Aviation training schools reexamine the bottom line
Flight schools must innovate to survive, since airlines are no longer able to sponsor tuition and a pilot career has lost its appeal amid headlines announcing furloughs, according to Oxford Aviation Training (OAT). The company said a UK pilot shortage within five years is a foregone conclusion, while elsewhere in Europe pilot demand “is expected to outstrip [training] capacity significantly starting in 2004.”
Since there is a lack of aspiring pilots, OAT plans to offer an airline-partnership program to “selected, self- funded and well trained” pilots, who will graduate from a professional pilot course, not one geared simply to obtaining a license. The move follows the acquisition of the former Oxford Air Training School two years ago by Signature Flight Support parent BBA Group, which has invested some £60 million ($95.4 million) to purchase new equipment, upgrade Oxford Airport and acquire Tyler International School of Aviation in Florida.
Managing director Anthony Petteford said UK traffic growth peaked in 2000 and 2001, before 9/11 accelerated the recession, affecting flight-training organizations (FTOs). “Loss of airline sponsorship precipitated a 25- to 30-percent drop in student numbers,” he noted. Petteford is encouraged by market predictions that inevitable economic cycles mean unconstrained demand–driven by lower fares, increased competition, development of regional airports and limited ground infrastructure–will propel UK passenger numbers from 181 million in 2000 to 277 million by 2010 and more than 400 million 10 years later.
A former airline pilot, route analyst and aviation training manager, he pointed out that with British low-fare operators planning to add 200 aircraft by 2007, some 400 pilots a year need to be recruited (assuming six crews per aircraft and delivery of two aircraft each month). In addition, British Airways needs to replace 200 retiring pilots a year and is “expected to restart recruitment next summer.” This means that a “pilot shortage is absolutely guaranteed. We are already starting to see demand move up,” said Petteford.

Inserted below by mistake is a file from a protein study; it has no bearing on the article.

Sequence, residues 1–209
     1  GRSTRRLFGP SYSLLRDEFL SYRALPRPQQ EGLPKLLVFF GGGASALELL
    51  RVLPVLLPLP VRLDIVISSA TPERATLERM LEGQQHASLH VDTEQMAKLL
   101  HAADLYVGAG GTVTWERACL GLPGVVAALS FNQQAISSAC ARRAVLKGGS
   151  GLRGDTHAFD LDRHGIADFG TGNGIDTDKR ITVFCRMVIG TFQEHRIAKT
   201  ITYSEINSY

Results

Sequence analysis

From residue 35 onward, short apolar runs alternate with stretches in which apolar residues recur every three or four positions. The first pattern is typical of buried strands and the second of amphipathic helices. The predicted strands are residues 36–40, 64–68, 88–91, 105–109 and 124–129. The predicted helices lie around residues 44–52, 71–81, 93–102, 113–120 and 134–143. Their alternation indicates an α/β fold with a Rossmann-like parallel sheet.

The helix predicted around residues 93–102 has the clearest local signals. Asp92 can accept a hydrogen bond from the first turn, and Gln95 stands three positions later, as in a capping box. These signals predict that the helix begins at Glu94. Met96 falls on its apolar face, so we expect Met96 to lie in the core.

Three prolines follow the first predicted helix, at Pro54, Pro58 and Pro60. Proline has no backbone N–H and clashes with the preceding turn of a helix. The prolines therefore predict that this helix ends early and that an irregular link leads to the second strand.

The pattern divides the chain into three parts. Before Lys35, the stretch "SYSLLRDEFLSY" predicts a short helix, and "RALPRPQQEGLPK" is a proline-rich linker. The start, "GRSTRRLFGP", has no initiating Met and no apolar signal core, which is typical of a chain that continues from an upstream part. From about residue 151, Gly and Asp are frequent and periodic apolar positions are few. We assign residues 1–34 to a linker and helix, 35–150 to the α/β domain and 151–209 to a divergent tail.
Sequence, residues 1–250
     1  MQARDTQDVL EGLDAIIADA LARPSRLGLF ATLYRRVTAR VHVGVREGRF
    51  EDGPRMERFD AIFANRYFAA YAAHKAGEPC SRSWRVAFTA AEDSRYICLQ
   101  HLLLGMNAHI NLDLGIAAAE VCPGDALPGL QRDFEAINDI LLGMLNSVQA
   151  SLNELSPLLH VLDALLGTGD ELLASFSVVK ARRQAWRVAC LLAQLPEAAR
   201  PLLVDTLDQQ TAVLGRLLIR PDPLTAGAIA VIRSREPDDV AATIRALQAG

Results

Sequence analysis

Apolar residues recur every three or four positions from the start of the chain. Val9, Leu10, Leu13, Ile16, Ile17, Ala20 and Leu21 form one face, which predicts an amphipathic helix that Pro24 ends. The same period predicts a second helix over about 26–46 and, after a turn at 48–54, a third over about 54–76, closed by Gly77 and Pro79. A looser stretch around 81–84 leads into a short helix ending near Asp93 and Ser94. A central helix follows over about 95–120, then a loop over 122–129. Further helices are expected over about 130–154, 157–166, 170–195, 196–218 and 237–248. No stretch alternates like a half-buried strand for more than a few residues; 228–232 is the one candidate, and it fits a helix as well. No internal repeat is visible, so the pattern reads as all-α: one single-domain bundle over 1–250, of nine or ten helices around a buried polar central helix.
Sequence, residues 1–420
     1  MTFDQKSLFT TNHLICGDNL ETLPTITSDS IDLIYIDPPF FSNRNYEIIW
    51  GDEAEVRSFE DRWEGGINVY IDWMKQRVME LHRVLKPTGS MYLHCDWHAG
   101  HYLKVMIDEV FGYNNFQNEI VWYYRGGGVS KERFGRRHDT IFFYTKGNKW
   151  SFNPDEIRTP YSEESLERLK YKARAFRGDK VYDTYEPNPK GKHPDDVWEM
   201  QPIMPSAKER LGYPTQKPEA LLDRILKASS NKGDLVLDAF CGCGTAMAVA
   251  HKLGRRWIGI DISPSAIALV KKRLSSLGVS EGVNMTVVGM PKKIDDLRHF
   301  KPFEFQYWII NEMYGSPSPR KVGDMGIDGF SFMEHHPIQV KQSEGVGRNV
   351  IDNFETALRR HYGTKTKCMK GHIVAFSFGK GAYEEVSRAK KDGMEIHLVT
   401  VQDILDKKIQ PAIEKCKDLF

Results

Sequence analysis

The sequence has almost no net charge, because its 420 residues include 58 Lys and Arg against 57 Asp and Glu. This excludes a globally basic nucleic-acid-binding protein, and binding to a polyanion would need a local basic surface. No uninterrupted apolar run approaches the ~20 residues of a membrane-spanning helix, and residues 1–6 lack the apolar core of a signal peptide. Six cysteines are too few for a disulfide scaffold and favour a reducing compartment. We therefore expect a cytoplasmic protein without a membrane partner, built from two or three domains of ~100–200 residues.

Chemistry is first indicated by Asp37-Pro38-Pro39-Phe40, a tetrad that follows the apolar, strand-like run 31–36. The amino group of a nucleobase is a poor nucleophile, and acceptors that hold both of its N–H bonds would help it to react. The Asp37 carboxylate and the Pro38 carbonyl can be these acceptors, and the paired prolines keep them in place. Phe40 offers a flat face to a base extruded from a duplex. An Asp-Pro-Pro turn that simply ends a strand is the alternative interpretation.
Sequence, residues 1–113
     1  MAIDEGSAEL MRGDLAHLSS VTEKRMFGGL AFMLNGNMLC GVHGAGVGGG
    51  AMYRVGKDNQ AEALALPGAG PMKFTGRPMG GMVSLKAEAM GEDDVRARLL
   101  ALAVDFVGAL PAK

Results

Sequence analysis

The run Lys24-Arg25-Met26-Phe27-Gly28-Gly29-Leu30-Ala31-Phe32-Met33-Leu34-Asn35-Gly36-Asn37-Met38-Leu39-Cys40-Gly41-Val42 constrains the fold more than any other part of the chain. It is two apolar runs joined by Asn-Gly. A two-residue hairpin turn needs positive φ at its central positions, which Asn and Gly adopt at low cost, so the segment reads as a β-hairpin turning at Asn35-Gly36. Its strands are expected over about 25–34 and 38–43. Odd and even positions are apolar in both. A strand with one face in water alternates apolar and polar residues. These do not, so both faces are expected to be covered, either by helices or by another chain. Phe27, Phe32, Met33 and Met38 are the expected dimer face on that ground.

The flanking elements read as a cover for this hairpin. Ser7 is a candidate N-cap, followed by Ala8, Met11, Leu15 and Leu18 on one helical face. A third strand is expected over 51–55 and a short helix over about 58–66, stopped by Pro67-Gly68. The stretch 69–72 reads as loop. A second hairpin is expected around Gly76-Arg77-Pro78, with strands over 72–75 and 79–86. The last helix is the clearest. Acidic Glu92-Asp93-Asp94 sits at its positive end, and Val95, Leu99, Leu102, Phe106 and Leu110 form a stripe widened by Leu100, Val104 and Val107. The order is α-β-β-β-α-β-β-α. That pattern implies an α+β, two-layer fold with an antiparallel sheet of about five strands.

The FTO official cited several factors that have reduced the appeal of flying jobs–
increased automation; unstable career and “lifestyle”; social attitudes and “bus driver” image perceptions; closed cockpit doors; and competitive career alternatives in finance and information technology. “We cannot assume a large pool of people want to be pilots, [so] action and innovation are needed.”
Four different interest groups must cooperate to avoid a pilot shortage, observed Petteford–airlines, which cannot survive without crewmembers; regulators, who must do more to satisfy airline customers; government, which should change taxation policies on aviation fuel and training services; and FTOs, who must promote the profession, change methods to ensure provision of well qualified candidates and offer tailor-made courses. If flight schools guarantee a supply of “quality” students, then links might be made with banks to offer attractive training loans.
Petteford puts costs at £66,000 ($105,000) for initial training and £20,000 ($31,800) for type training. He hopes Oxford can arrange for 50-percent training loans. The costs exclude loss of earnings and other training expenses.
OAT’s airline-partnership program aims to identify no-risk students who will graduate as high-quality first officers and to offer carriers a 95-percent chance of success for selected trainees, according to pilot-training manager Mike Langley. It plans to offer 216 annual training places starting in March, with selection beginning this month. Officials suggested that Oxford is unusual in having a career-development officer to manage student selection, secure financial assistance, identify job opportunities and improve carrier liaison.
Petteford believes that the acquisition of Tyler, which will provide European students with their first 100 hours of tuition, enhances Oxford’s credibility since OAT will control the quality of training. (OAT students from other regions may not be trained in Florida, for security reasons.)
BBA’s investment includes $1.6 million for six new Piper PA-28 Arrows at Tyler to replace seven similar aircraft to be phased out at Oxford by 2004. Approved for European JAA training since May (and trading as “Oxford” since last November), Tyler has provided many new pilots to regional airline American Eagle.
A new turbine aircraft simulator is planned for introduction next year, alongside new IFR-equipped Piper PA-44 Seminole piston twins. The Oxford training fleet currently includes 19 Piper PA-34 Seneca piston twins, 19 Piper Warriors, seven Piper Arrows and four Schweizer 300 helicopters.